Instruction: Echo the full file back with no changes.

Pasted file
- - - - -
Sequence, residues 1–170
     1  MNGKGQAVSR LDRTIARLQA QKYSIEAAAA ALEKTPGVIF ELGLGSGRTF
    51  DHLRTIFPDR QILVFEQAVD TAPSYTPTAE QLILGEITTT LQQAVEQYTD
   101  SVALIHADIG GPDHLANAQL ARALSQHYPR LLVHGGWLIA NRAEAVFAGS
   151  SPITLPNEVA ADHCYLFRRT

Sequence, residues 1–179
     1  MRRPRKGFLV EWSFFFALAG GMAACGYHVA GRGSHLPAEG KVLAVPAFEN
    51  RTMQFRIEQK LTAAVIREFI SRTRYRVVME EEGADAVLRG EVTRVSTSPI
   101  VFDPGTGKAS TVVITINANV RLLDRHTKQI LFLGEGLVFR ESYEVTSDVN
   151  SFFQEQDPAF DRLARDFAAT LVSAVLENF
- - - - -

Sequence, residues 1–170
     1  MNGKGQAVSR LDRTIARLQA QKYSIEAAAA ALEKTPGVIF ELGLGSGRTF
    51  DHLRTIFPDR QILVFEQAVD TAPSYTPTAE QLILGEITTT LQQAVEQYTD
   101  SVALIHADIG GPDHLANAQL ARALSQHYPR LLVHGGWLIA NRAEAVFAGS
   151  SPITLPNEVA ADHCYLFRRT

Sequence, residues 1–179
     1  MRRPRKGFLV EWSFFFALAG GMAACGYHVA GRGSHLPAEG KVLAVPAFEN
    51  RTMQFRIEQK LTAAVIREFI SRTRYRVVME EEGADAVLRG EVTRVSTSPI
   101  VFDPGTGKAS TVVITINANV RLLDRHTKQI LFLGEGLVFR ESYEVTSDVN
   151  SFFQEQDPAF DRLARDFAAT LVSAVLENF